Oxygen ions migrate through the electrolyte (at 450°C) driven by the transmembrane pO2 gradient5. Electrochemical oxidation of the fuel (CO and H2 derived by 'reforming' of feedstock) then occurs at the 'three phase boundaries' () on the surface of the anode, where the fuel in SCW, the nascent O2- ions, and the electron collector () co-locate.

The products of the electrochemical oxidation of biomass are (i) CO2, H2O, and a small amounts of mineral acids, (ii) free electrons, (iii) excess energy. The latter manifests partly as heat, and partly as the energy of the free electrons, which are collected and conducted through an external circuit back to the cathode where they are consumed in the production of more O2- ions.

Membrane composition:
Anode: Ni-YSZ (Yttria stabilized Zirconia); Electrolyte: YSZ; Cathode: La1-xSrxCo1-yFeyO3 on gadolinia doped ceria (x:0.0-0.4;y:0.0-1.0)

Refs:
1. J. Supercrit. Fluids; doi:10.1016/j.supflu.2008.09.007 ‘A perspective on catalysis in sub- & supercritical water’
2. Franks, F. 'Water, the unique chemical', in Vol.1, 'Water: A Comprehensive Treatise'
3. AIChE Journal; http://dx.doi.org/10.1002/aic.690430517 Fugacity Coefficients for Free Radicals in Dense Fluids: HO, in Supercritical Water

4. Biomass and Bioenergy; 10.1016/j.biombioe.2012.03.035 ‘Degradation pathways of holocellulose, lignin & á-cellulose from P. vittata fronds in sub- and super critical conditions’
5. J. Supercrit. Fluids; 10.1016/j.supflu.2012.02.031 ‘Hydrogen production from some agricultural residues by catalytic subcritical and supercritical water gasification’
6. http://www.nd.edu/~msen/Teaching/DirStudies/FuelCells.pdf

Click here for a 'printer friendly' PDF version of 'SOSWEC: the components'


Back to top

 

 

 

SOSWEC: advantages

1. General

increases the net energy yield from biomass by eliminating pre-combustion drying
extends the range of suitable biomass
simplifies the engineering required for oxidation in SCW

accepts a variety of carbonaceous feedstocks in addition to biomass
simplifies switching between fuels
enables co-combustion of multiple fuels
facile shut down and restart

1. Technical

passive delivery of oxygen ions through the SOFC membrane conserves the energy that would otherwise be used to generate and inject O2, either as a gas or as hydrogen peroxide, into the SCW.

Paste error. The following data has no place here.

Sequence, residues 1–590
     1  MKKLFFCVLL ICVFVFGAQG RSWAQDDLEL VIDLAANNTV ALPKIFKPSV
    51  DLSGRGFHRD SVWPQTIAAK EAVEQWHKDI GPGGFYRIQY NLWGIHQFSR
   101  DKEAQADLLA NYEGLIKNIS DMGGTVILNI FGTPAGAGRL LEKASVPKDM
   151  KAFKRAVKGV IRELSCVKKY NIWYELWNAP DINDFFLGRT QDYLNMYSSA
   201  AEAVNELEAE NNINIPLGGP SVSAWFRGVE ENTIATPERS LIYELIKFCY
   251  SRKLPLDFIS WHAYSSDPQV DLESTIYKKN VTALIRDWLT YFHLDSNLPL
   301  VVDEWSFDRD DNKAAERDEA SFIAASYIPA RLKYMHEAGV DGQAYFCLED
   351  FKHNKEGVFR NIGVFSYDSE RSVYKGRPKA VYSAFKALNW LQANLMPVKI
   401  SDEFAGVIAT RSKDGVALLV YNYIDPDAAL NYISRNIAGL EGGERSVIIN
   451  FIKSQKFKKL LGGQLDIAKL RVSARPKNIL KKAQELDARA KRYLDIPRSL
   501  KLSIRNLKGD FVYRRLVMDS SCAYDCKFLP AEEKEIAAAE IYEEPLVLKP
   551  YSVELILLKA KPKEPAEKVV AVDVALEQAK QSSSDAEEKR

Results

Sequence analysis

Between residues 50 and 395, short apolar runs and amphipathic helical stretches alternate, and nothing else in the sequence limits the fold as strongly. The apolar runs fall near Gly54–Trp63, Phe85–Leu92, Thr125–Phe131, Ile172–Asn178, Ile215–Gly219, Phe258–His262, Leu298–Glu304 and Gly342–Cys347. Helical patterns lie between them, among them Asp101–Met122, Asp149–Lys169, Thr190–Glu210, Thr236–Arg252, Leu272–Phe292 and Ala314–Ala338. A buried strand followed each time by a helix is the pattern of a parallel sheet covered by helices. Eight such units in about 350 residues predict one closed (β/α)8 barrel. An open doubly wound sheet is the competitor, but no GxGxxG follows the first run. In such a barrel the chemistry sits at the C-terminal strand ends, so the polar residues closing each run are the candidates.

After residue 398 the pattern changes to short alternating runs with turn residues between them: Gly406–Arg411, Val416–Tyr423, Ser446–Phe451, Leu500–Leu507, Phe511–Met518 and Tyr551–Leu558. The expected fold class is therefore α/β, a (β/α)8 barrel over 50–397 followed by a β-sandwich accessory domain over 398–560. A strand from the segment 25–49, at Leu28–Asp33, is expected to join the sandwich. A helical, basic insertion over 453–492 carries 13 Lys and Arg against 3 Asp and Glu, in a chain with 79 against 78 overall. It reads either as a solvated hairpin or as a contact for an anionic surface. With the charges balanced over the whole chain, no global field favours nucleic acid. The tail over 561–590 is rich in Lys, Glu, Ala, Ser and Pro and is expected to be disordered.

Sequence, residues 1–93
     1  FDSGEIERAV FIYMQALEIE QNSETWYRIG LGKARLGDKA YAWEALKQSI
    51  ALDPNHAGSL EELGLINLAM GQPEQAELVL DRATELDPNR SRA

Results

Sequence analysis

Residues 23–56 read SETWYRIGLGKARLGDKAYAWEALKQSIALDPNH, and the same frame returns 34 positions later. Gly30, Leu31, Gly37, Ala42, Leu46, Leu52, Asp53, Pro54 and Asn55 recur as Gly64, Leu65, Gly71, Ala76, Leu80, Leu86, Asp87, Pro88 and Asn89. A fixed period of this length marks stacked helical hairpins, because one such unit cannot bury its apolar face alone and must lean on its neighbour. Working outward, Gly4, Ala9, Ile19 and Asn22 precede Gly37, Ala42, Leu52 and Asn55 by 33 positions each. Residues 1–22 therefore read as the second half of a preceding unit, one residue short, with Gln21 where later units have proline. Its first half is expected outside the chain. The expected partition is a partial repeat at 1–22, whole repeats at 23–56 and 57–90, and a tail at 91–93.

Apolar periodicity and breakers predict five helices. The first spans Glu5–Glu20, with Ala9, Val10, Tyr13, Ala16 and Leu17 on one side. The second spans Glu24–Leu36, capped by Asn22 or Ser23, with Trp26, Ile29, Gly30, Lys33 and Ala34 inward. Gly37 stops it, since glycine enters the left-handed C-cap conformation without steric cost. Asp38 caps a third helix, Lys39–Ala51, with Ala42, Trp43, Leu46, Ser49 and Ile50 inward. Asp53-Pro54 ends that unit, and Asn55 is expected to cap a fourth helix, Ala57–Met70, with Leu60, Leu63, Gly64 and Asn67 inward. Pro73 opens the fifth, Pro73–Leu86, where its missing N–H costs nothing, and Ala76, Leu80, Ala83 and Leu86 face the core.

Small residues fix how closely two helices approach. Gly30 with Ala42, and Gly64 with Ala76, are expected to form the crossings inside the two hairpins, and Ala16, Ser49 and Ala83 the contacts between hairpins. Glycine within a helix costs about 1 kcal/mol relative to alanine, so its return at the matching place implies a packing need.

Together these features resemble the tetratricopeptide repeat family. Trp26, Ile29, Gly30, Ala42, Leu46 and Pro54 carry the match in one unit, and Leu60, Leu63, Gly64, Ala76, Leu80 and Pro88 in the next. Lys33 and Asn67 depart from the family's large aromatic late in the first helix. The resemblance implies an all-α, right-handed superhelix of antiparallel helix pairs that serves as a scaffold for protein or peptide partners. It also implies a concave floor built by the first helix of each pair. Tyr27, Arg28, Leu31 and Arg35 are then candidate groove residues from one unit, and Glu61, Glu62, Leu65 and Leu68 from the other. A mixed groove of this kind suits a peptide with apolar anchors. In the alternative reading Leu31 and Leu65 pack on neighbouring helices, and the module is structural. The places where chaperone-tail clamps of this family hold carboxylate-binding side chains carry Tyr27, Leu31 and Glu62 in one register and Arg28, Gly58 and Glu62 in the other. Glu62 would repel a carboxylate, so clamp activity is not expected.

low surface tension of SCW facilitates rapid permeation of fuel through the microchannels in the anode of the SOFC membrane
hydroxyl ions in SCW prevent carbon deposition on anode ('coking').
bulk of SCW remains relatively anoxic, thus minimizing corrosion of the SCW reactor
oxygen ions exiting the SOFC membrane react rapidly with fuel at the 'three phase boundary'.The pO2 in SCW thus remains near zero and the transmembrane pO2 gradient is maintained (see 'SOSWEC: the components').

 

Click here for a 'printer friendly' PDF version of 'THE SOSWEC: advantages

 


Back to top

 

 

 

 

SOSWEC: applications


The SOSWEC operates with two types of fuel: Biomass, and CHONS Compounds (liquids and solids composed primarily of Carbon, Hydrogen, Oxygen, Nitrogen and Sulfur).

The Fuel Preparation Modules ensure that both types of fuel can be processed in the same SOSWEC.

Applications for the SOSWEC:

Sanitation and Water Purification
Power Generation
Multifunction


Sanitation and Water Purification

1. The Sewage Containment and Mineralization system* (SeCoM)
An autonomous, fully automated, high throughput micro-sanitation and water repurification system that discharges only climate neutral volumes of CO2. The SeCoM is the enabling device for the creation of a fully autonomous stand-alone toilet (no power input, no plumbing) suitable for 'Improved Public Facilities' (IPFs), watercraft, and residences of any type, anywhere, on or off the planet.

Power Generation

1. Micro-Generator.
Compact, lightweight, with no moving parts, it is silent, vibration-free, and with multi-fuel capability. Suitable for use as a portable generator, or as an alternative to the internal combustion engine for electrical power generation in hybrid, all-electric-drive vehicles or watercraft. Zero discharge of NOx, SOx, unburnt hydrocarbons, and carbon nanoparticles eliminates need for a catalytic converter.

2. Portable high pressure, high temperature, steam generator.

3. Combined Heat, Power (CHP), and Water Purification.

Multifunction

Suitable for micro-residences. Functions as above, but also provides hot water, steam, and hot air.

 

*Patent Pending

Click here for a 'printer friendly' PDF version of 'THE SOSWEC: applications

 


Back to top

 

 

 
 


© Institute for Residential Innovation Inc.